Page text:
Accent on Living

A SINGLE all-purpese form for the ghost story ought to be welcomed by authors’ leagues everywhere. Writers who found the standardized fishing story a convenience (May Atlantic) will fare even more briskly with the ghost story in blank. It practically writes itself, once you get the thing going.

“I don’t believe in ghosts — yet how else to account for what happened to me that night in—?”

This model opening sentence is adjustable in various ways, but the main point must be made at the very beginning: It’s a ghost story; eerie doings impend. Once he understands that, the reader will find something spooky in even the most commonplace details.

With the full gullibility of the reader thus fired at the take-off, the ghost-story writer need only breeze along, filling in the blanks as he goes.

“It was late in the afternoon when I finally reached—,” he continues. “I had been-ing hard all day and I was looking forward to a—, a good—, and the possibility of— the next morning.”

Any reader who will stick with a ghost story, once he knows it for that, is a highly suggestible personality. He creates his own atmosphere for himself out of anything the author sees fit to tell him, so it matters little what the layout at — proves to be.

“There was nothing about the outward appearance of No.—that was in the least unusual, but as I mounted the steps and rang the bell I had a sudden feeling of—. I noticed, too, that a — across the street seemed to be eying me rather closely, but I must confess that I thought nothing of it at the time.”

Just who the author’s host will be at No. — is easily settled. It can be an old friend, though a landlady would do just as well — but only one in either case. (“I realized when Blank answered the door himself that his servants must have left and that we were alone in the house. . . .”) You can’t afford to have too many people around in a story of this kind.

The reader ought to have built up a fair head of steam by this time and be ready to assign odd meanings to any old statement. “The hall was brightly lighted” will worry him as much as no lights at all. If the author reports a window open, the reader wonders who opened it. Was it Blank? Why was it open?

A few such details set the reader up for the first really scary development — the extraordinary change in Blank (or the landlady): “The warmth of my welcome was like old times, but I was hardly prepared for Blank’s appearance. He was much —er than when I had last seen him; his —, which I had remembered as downright —, was now quite—. His —s, too, were no longer as I had known them. All in all, he seemed like a man who had-ed, if I may be permitted the word.”

Reader and author alike are thoroughly frightened by the way Blank is looking, and here is just the moment to plant another disturbing trifle: “I could not help noticing, as we exchanged greetings, Blank’s —; it was very old, as I could tell at a glance, and of curious workmanship.” (This item could be almost anything — Blank’s clock, teapot, set of false teeth, or what you will, it may be that nothing will come of it anyhow, but there it is, if the author finds later on that he needs it. Meanwhile, it sets the reader to breathing noisily.)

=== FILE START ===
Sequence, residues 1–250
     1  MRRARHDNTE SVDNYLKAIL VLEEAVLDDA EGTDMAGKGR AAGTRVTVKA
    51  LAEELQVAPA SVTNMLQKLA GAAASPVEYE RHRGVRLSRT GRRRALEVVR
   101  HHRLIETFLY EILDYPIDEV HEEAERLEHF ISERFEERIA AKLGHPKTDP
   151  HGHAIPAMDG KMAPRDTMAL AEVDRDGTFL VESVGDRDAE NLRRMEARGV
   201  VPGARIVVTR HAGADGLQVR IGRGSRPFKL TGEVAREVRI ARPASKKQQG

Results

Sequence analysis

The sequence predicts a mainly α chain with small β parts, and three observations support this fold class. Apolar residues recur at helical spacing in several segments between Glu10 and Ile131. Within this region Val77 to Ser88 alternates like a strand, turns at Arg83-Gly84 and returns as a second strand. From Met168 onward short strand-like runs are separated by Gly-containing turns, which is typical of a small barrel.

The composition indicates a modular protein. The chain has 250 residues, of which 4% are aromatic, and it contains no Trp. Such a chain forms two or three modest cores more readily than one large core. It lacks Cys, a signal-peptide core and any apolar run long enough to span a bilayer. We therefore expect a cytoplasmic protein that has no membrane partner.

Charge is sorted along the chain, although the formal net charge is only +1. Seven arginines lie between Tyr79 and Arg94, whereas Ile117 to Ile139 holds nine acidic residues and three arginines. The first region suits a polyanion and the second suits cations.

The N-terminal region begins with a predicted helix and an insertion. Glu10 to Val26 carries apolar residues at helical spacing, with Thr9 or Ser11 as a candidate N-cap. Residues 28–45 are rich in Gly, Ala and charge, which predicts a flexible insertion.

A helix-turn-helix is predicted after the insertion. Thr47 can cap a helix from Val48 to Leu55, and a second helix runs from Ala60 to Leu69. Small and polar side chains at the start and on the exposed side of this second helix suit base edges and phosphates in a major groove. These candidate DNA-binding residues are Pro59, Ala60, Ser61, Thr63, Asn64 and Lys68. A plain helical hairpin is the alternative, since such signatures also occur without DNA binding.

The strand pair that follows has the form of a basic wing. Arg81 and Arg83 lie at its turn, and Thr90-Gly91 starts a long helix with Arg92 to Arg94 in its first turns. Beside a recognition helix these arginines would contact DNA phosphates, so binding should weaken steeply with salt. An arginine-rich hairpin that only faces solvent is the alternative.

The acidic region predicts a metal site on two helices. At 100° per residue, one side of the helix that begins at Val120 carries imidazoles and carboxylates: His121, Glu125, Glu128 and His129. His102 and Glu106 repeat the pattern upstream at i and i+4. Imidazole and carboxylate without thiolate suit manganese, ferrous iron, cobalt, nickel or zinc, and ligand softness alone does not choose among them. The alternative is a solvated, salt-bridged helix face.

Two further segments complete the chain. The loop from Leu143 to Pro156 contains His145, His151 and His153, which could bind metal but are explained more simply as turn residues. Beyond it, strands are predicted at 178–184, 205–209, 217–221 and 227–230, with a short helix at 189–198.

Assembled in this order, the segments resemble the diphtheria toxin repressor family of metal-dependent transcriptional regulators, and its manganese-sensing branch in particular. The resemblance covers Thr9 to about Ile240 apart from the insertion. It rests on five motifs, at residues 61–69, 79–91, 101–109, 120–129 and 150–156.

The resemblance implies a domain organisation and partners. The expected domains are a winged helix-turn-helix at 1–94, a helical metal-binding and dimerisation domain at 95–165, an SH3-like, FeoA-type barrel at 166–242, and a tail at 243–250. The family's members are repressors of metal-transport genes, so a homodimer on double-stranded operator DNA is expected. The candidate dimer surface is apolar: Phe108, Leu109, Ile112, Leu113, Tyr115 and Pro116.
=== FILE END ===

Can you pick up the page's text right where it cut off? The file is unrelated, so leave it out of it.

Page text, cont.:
“The room to which Blank showed me seemed cheery enough,” the story goes on, “but I was struck by the huge — which occupied almost one entire wall. Once or twice, as I turned suddenly and looked at it, I could have sworn that it was —ing, but this, of course, was absurd. —s simply do not —, I told myself.”

Let us not finger over Blank’s dinner (unless the author fancies himself as a food-and-drink expert), and the conversation over the cigars can be cut short, too. Blank himself certainly won’t be allowed to give the story away at this juncture, and the author is still feeling the effects of a hard day’s—ing. The sooner both men are in bed, the better. Thus:—

“So far as I could tell, my room was just as I had left it, but the - seemed even larger than before. Its bulk dwarfed everything else, and I was uncomfortably aware of it as I dropped off to sleep.

“ I have no way of judging how long I slept, but suddenly I was wide awake. The room was pitch black; all was still. Then I heard, faintly and as at a great distance, the sound of—ing. It was as if a very —, or a — were being —ed, far away. I cannot describe the feeling of —, of —, of sheer —, that swept over me. The —ing grew louder. It seemed to becoming from the general direction of the vast that I have mentioned. My was—I tried to —, but to no avail. Suddenly I realized that I could see taking form in the darkness the unmistakable outlines of a — (italics)!

“At that point I must have — — altogether, for the next thing I knew, it was—, and Blank was—ing———jug of hot water.

“I————, Blank ———, and the house was sold. Shortly afterwards, I came upon this story in my evening paper:

“‘Workmen —ing an old house at No.— —— Sreet discovered today in the wall of a bedroom the mummified remains of a—. Police are investigating.‘”